This article has been contributed by Victor Blasco.
Whiteboard videos are one of the most popular and esthetically inspired types of videos to add to your marketing campaign.
Providers of all sorts – from small businesses to educational organizations and well-established brands – rely on this style to get their message across. By most measures, whiteboard animation shows that it can deliver the goods.
There are many technical aspects involved in producing effective video content that will have a lasting impact on your audience. We could detail the wide range of elements that make up a good whiteboard video, but to overload, you with a list of facts wouldn’t be of much use!
Instead, we’re firm believers that it’s better – and more entertaining – to learn from examples.
So, we’ve chosen ten of our favorite whiteboard animations out there to help with that! Hopefully, these selections of amazing work from several skilled video production companies can help you map out your own content, and improve your strategy to come.
1. James Latham by webdew
Whiteboard animation video is one of the exciting ways to tell your messages using storytelling and visuals using your hands. Watching a whiteboard video just feels like you are sitting in a classroom, and someone is teaching you on a whiteboard.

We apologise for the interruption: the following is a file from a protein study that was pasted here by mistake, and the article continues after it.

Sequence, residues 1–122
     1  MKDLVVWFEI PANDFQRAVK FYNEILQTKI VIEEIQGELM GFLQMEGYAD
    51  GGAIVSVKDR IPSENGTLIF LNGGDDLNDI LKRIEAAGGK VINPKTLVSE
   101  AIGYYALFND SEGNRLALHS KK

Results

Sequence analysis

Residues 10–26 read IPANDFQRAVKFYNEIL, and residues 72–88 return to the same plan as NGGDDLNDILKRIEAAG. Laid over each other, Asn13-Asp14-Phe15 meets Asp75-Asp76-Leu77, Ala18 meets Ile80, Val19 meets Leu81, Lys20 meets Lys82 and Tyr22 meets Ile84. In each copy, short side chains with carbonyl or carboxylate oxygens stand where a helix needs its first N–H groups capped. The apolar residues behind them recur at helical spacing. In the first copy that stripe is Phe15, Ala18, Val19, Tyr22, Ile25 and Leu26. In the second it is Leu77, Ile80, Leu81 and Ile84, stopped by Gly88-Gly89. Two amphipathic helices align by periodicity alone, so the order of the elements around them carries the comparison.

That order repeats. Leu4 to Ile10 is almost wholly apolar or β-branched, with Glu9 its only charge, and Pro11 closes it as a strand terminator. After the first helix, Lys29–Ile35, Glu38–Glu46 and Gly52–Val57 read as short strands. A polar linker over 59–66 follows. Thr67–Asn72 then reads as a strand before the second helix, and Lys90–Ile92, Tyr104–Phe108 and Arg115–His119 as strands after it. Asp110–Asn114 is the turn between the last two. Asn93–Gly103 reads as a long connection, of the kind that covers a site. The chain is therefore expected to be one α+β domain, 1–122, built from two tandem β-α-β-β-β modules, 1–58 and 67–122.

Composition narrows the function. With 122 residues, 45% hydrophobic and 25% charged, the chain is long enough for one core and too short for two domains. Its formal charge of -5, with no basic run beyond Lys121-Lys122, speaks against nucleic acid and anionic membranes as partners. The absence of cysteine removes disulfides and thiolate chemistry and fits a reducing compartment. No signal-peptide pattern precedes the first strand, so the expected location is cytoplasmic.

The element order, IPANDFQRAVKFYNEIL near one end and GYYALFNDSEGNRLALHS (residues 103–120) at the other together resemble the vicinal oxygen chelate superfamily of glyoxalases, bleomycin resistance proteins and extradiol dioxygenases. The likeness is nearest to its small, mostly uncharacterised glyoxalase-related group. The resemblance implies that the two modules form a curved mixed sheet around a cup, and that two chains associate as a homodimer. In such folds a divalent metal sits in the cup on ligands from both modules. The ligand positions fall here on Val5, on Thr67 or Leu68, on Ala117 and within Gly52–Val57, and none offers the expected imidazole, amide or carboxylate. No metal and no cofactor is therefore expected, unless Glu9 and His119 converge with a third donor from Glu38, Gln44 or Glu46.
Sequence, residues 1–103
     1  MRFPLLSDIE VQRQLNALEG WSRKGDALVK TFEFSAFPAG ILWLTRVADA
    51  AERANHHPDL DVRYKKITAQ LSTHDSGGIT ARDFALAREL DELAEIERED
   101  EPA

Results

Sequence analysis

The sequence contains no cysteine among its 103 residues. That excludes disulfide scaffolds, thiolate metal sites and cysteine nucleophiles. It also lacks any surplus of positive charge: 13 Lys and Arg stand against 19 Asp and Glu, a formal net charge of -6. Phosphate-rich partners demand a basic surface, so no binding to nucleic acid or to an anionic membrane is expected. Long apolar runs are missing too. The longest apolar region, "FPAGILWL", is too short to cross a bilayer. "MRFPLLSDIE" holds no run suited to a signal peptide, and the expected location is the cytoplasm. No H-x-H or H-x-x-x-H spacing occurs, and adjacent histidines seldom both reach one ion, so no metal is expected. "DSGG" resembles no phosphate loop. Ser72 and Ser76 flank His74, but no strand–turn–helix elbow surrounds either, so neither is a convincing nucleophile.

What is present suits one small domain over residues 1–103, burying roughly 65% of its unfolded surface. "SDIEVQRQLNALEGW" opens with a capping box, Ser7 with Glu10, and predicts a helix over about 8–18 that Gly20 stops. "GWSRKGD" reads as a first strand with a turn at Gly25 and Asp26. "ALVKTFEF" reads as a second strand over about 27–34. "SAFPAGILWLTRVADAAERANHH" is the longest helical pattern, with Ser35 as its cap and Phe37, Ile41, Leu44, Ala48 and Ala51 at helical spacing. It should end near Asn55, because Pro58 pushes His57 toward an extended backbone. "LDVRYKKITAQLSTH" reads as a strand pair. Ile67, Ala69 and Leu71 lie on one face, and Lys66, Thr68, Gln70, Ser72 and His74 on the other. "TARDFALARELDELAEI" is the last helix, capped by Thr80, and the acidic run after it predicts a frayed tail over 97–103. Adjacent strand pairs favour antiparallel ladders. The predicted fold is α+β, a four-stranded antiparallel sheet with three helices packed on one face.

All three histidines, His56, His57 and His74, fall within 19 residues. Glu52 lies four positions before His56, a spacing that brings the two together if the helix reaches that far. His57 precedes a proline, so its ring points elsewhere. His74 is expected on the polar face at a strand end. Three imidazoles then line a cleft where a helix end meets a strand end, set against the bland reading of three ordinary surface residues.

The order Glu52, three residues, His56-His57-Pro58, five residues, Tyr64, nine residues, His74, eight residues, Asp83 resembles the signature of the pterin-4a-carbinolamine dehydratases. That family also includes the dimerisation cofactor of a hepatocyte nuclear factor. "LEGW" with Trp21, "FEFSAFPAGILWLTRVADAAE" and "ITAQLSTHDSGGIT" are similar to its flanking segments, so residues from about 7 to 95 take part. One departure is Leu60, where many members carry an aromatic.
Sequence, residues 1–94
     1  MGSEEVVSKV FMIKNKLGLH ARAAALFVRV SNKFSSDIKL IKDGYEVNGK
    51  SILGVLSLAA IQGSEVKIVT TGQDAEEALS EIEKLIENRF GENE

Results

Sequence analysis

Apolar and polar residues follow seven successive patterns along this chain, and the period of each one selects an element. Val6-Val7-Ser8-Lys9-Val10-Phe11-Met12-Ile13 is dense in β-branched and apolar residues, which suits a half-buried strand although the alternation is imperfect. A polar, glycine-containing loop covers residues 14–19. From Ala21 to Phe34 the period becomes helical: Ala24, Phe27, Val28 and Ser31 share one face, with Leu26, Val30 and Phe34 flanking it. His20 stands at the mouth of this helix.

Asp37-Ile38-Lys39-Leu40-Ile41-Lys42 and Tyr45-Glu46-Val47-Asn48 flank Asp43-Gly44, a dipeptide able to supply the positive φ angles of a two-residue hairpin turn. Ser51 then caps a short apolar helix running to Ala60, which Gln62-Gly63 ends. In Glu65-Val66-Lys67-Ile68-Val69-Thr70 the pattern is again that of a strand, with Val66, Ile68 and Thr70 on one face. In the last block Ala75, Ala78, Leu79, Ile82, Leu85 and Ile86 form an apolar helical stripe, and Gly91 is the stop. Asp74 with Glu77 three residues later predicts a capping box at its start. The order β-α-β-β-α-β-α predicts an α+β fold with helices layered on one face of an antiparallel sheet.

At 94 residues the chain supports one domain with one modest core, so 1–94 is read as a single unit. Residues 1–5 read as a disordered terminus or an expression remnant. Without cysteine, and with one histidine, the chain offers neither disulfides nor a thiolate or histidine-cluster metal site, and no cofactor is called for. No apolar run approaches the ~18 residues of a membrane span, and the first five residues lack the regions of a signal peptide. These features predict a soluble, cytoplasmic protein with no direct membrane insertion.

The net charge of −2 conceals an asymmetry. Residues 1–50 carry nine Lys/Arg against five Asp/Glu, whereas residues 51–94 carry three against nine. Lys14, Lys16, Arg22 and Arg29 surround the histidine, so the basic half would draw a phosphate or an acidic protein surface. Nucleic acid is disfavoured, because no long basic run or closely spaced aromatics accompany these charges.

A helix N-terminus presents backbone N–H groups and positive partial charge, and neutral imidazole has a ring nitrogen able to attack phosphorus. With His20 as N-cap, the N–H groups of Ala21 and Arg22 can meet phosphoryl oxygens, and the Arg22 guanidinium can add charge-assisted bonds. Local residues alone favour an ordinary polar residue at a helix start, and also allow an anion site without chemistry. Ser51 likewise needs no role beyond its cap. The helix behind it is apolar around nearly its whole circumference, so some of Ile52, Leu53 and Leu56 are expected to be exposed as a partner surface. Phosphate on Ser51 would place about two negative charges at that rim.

It is one of the great examples of whiteboard explainer videos created by the webdew team that clearly showcase how things work. The audience of this video can easily understand why they need to visit their website and how it can help in achieving their desires. The color combination and sound effects used in the video make it more appealing.
Don’t miss observing the storyboard. How creatively the ideas are represented in a short duration of time. Want to create something similar for your business? Feel free to contact the professionals of webdew.
2. Law-Whiz – United Kingdom
Are you trying to raise awareness about a specialized product or service? Do you think it’s difficult to explain it? Watch this video from Law-Whiz, a tech platform that connects barristers with solicitors in countries bound by common law.
It is a perfect example of how an otherwise highly niche solution can become a simple idea that’s worth exploring further with video. Employing the whiteboard style, you can “sketch” the visuals in front of your audience’s eyes to describe any complex issue with dedication and appeal.
In this case, the creators set out to give a simple but effective overview of how their service works. They guide the audience through its essential steps so they can have better understand all its features. The animation focuses their attention on the main aspects they need to know and how the solution can make things easier for them.
This video is a bit different from the ones we’ve watched so far. Although it features animated characters that give it a touch of personality, it doesn’t focus on a particular story. Rather, it deals head on with the problem at hand: how to find subjects for medical trials.